Throughout the two-month trial, Wzorek and cocounsel Denise Wolf have characterized Traffic Court as a judicial system plagued by cronyism that cost the city and state millions in unrealized fines.
The judges, they say, routinely passed requests for "consideration" between chambers - all seeking special treatment for family members, friends, and political allies.
"This is not a case about just traffic tickets," said Wzorek, brushing aside defense criticism that the U.S. expended untold resources to investigate minor infractions. "This is a case about the corruption of almost an entire court in Philadelphia."
The defendants are charged with conspiracy and wire and mail fraud.
Lawyers for the former judges contend that what the government calls "consideration" was actually judicial discretion.
While their clients may have participated in unethical discussions with people who had been ticketed outside of court or failed to recuse themselves from cases involving family members, they say, they decided each of the more than 50 tickets that make up the prosecution's case on their merits.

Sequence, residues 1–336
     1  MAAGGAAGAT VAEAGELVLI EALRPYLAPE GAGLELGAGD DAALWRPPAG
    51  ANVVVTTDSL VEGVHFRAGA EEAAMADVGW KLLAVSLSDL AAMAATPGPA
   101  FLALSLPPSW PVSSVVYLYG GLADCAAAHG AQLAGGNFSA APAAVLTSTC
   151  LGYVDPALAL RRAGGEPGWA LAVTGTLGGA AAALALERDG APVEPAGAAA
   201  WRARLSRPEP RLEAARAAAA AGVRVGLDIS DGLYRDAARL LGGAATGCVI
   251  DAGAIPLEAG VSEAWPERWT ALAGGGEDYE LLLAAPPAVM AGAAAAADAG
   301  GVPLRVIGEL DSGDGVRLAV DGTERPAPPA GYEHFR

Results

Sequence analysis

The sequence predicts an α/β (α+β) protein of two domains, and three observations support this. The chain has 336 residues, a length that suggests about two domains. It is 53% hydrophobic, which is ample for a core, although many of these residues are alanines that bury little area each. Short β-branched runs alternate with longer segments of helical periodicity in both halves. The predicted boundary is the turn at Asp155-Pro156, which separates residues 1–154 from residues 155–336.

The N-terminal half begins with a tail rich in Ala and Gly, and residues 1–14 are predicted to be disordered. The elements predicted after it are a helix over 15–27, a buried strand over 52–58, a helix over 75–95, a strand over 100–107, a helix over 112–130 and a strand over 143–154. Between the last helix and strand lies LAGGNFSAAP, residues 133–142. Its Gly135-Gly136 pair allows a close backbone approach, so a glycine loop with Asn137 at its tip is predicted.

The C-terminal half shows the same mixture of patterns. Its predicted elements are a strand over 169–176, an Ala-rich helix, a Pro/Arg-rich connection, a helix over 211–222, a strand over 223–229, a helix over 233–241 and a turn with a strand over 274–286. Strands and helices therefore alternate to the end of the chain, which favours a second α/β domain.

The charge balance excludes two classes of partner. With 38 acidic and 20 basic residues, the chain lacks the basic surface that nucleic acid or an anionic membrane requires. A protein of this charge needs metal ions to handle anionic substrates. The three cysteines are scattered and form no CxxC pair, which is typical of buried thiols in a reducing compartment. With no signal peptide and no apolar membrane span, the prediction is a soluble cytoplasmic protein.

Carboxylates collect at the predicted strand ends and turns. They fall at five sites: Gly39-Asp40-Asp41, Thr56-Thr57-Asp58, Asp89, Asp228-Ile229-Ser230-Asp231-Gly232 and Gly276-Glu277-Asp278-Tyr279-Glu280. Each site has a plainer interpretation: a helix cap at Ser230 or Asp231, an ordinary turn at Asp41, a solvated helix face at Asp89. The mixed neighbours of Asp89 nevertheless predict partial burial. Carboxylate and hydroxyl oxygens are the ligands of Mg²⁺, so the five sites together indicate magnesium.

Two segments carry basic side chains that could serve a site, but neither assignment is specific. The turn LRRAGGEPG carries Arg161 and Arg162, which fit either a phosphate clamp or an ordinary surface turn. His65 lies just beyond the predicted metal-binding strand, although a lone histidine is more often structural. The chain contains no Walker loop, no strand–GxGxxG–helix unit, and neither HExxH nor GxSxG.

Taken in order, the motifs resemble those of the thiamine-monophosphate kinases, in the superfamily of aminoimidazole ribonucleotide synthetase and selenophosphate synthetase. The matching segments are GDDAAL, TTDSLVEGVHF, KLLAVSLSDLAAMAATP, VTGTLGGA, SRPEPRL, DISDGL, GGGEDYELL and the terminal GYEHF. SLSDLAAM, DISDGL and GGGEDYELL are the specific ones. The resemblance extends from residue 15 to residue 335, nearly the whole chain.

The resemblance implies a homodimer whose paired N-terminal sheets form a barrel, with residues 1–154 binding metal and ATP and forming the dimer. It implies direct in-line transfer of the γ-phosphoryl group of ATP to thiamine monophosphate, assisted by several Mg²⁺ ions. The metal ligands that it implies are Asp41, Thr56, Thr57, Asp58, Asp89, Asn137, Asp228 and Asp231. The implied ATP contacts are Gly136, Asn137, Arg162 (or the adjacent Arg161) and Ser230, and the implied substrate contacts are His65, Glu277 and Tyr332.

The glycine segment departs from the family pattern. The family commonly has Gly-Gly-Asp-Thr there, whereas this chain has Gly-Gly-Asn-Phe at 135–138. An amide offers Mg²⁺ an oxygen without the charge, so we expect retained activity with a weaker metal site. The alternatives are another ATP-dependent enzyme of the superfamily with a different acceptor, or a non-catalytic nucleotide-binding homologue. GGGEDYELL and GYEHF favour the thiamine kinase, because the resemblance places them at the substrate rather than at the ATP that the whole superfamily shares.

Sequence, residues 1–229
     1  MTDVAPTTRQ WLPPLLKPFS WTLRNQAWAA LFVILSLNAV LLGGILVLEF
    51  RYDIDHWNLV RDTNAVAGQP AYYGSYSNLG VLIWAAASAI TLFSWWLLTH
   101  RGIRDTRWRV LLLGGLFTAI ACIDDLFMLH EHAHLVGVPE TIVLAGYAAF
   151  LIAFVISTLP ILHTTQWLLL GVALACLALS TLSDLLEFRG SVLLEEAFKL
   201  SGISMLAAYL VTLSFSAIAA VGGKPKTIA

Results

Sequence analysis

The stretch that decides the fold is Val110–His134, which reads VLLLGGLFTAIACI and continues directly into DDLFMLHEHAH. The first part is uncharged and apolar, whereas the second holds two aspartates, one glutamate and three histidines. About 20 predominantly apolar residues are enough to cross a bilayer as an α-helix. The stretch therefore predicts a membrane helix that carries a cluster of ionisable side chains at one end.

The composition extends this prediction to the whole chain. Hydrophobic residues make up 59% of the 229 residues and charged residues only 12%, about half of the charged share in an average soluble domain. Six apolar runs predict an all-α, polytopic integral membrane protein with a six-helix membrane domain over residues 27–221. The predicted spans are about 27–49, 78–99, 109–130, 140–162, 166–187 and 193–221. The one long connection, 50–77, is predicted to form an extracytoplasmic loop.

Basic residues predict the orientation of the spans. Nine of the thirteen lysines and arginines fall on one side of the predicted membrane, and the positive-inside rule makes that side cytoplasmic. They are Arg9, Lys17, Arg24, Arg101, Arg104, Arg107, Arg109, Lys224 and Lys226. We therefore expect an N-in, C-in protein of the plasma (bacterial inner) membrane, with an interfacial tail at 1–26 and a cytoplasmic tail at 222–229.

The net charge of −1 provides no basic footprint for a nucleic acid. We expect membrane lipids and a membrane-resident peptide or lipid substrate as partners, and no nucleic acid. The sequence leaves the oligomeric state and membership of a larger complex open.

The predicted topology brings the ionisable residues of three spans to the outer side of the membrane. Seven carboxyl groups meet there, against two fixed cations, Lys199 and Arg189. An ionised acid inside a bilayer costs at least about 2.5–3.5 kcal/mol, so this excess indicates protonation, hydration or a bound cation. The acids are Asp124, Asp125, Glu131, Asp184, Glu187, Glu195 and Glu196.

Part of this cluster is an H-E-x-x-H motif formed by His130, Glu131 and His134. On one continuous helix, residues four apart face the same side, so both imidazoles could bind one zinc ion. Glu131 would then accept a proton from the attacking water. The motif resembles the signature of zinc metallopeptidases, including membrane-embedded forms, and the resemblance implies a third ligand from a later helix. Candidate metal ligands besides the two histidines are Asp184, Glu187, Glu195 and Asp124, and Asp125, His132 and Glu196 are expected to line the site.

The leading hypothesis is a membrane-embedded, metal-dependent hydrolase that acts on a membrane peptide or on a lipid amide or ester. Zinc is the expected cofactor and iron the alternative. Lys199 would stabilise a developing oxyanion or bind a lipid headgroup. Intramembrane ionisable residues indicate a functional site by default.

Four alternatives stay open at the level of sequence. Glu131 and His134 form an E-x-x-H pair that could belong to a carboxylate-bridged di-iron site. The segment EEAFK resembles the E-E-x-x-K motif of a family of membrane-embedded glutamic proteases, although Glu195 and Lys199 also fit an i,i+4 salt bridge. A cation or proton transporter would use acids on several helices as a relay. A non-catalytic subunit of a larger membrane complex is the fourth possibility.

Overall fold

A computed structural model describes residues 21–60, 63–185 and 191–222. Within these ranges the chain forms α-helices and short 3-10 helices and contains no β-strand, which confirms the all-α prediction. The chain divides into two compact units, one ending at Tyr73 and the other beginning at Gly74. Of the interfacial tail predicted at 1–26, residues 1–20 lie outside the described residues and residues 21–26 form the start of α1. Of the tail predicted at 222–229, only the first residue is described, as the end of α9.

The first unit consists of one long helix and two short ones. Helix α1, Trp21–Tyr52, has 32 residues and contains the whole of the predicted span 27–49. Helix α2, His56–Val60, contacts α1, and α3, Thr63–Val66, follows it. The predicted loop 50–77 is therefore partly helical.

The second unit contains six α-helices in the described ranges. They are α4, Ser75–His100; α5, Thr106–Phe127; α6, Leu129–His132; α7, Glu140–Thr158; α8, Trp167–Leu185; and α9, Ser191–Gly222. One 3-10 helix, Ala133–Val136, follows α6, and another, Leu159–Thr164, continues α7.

Paul J. Hetznecker, a lawyer representing a Chinatown court translator charged alongside the judges, said Monday that his client, Robert Moy, did nothing except ask judges to look favorably on his client's cases - something lawyers do every day.
The difference, prosecutors say, is that lawyers advocate in open court; Moy sent lists of client names directly to Tynes, whom he referred to as "Mom."
Nearly all of the cases singled out by the government that Moy handled ended in acquittals.
"How do you twist a request for help into an agreement - a conspiracy?" Hetznecker asked jurors during his closing arguments Monday. "All he was doing was trying to help a community that is disenfranchised."
Jurors are expected to resume their deliberations Tuesday morning.